United States of America, California, Santa Barbara, Montecito
Frog Hollow (Montecito, California)
This 2009 contemporary glass and steel house on a one-acre site was designed to blend into its southern California hillside location of chaparral and massive sandstone outcroppings, with plantings and hardscaping incorporating native materials. Garden areas include a kitchen and cutting garden sheltered by a sandstone boulder that was left in place, terraces for dining and entertaining, small courtyards inset between the walls of the many-sided house, and a lap pool terrace. Clipped hedges of boxwood, coastal rosemary and privet add green to the muted palette, along with native live oak trees and field grown olive trees that have irregular shapes. Other drought tolerant plants on the property include agave, spurge and pincushion protea, which add yellow to the mostly green outdoor palette. Initially an ecologically appropriate sedge lawn was installed but it was replaced by gravel in 2013. The hardscape is locally quarried sandstone and gravel on a sand base with planting pockets for ground covers such as silver carpet, the feathery texture mimicking the native plants of the chaparral. Patches of color are provided by native Douglas iris and sweet peas grown in the kitchen garden.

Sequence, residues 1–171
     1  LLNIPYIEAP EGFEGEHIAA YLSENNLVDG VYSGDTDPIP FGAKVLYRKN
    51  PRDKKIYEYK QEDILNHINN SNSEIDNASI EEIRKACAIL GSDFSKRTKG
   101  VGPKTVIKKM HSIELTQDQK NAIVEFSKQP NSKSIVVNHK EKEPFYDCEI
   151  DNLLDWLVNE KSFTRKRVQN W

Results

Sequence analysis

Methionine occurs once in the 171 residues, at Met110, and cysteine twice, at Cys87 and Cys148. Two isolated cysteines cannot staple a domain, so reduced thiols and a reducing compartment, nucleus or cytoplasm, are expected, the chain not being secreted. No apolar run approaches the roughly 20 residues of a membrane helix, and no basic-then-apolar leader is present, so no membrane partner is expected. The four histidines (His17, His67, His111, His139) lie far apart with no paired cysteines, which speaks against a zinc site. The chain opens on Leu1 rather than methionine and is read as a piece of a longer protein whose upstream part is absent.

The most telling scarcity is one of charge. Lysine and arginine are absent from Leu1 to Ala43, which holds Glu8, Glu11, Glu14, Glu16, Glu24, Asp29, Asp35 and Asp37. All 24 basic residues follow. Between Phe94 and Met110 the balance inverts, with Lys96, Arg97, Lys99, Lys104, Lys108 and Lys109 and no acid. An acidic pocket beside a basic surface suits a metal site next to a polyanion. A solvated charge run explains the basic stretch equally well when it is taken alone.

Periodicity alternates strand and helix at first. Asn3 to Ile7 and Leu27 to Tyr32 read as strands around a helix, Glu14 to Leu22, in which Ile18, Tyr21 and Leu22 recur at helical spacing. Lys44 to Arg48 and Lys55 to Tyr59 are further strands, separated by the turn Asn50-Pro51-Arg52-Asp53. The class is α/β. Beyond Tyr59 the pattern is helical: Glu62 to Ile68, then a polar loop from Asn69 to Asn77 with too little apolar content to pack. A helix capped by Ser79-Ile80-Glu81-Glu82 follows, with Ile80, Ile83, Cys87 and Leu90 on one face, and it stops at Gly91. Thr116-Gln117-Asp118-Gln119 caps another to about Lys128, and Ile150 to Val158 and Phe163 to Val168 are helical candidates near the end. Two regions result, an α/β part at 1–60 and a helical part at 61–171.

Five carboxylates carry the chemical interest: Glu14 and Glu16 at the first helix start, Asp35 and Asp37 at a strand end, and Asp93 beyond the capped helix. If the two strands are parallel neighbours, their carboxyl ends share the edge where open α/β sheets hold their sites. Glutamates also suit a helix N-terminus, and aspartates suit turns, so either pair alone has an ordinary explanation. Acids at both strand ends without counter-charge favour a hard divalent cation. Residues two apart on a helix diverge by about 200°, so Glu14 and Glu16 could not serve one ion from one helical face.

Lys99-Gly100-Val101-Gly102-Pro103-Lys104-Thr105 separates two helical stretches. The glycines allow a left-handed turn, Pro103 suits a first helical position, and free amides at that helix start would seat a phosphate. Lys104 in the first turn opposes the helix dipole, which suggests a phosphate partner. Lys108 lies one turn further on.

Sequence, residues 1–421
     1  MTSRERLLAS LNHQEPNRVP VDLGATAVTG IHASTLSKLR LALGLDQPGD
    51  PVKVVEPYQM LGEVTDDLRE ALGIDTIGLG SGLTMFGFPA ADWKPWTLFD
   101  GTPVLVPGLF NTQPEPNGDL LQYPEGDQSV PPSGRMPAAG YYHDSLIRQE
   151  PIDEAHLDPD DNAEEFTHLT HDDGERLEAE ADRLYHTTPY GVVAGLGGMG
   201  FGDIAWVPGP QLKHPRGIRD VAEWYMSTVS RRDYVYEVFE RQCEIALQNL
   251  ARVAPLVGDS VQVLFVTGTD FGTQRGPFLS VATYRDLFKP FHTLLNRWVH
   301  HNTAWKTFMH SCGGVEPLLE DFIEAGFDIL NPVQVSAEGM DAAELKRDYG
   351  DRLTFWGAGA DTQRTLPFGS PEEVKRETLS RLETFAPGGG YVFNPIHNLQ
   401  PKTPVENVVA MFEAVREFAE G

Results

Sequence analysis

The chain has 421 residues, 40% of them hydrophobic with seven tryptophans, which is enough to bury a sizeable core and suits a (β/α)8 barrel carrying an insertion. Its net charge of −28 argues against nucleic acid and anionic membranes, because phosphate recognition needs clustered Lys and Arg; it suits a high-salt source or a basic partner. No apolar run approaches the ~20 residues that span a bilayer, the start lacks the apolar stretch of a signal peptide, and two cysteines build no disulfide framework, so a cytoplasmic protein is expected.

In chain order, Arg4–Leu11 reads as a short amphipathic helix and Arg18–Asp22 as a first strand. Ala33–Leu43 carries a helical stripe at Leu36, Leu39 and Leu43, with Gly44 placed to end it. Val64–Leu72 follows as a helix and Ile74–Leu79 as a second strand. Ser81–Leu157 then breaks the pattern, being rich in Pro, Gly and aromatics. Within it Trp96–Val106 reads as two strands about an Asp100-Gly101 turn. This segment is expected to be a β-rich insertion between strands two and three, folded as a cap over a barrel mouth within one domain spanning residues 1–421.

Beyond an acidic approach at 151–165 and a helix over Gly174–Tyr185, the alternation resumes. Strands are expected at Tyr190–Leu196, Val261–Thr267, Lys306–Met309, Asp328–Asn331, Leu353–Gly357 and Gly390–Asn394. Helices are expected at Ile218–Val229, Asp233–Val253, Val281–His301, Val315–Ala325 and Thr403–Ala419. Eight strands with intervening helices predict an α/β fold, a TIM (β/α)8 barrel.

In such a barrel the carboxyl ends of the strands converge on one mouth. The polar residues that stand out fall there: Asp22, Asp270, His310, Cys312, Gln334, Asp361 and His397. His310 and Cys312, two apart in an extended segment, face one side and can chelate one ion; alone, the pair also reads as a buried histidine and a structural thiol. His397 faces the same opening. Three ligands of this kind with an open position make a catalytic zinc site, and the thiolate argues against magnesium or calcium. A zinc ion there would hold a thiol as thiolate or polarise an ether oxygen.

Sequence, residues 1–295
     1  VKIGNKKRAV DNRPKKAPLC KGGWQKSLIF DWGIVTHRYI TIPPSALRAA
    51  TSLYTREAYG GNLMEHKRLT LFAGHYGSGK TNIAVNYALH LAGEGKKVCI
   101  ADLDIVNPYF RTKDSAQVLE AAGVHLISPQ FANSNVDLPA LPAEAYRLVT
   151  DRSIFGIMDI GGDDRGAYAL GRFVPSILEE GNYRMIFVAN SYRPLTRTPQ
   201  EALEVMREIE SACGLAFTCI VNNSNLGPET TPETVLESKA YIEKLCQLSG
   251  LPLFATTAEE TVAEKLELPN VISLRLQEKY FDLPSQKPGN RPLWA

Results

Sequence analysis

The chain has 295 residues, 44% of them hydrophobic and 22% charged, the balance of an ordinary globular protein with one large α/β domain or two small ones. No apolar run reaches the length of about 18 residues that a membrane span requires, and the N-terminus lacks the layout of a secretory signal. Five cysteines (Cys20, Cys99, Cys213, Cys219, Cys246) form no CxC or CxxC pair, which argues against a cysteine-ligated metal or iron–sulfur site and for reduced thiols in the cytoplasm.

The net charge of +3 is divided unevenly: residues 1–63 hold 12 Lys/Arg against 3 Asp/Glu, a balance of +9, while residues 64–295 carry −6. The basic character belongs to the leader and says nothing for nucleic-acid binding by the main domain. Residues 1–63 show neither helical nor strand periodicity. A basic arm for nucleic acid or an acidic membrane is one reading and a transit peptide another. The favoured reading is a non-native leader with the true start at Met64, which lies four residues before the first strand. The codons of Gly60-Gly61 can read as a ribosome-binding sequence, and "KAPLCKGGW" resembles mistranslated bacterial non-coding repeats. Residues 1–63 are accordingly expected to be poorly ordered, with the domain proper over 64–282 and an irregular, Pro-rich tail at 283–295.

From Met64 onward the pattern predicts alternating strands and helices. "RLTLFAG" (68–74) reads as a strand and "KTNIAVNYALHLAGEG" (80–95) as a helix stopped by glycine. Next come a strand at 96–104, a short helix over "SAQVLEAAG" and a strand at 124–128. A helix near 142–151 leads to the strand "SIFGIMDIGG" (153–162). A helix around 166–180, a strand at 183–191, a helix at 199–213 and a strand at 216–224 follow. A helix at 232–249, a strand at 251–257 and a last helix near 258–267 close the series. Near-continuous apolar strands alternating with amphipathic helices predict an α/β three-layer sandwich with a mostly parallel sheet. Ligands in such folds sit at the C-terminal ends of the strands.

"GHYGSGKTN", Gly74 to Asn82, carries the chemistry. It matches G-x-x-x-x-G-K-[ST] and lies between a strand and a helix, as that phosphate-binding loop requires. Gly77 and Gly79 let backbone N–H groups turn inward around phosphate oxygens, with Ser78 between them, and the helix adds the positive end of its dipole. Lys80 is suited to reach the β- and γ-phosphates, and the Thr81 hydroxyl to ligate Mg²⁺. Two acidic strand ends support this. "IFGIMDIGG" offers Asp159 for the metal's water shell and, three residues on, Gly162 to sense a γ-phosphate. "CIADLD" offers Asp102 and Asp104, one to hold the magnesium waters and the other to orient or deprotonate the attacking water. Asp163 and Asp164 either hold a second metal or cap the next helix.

Persons associated with the garden include: Barton Myers (FAIA) (house architect, 2005-2009); Mark Rios (FASLA/FAIA) (landscape architect, 2006-present); Debbie Shaw (landscape contractor, 2005- ); Andy Newmann (guest house architect, 2003).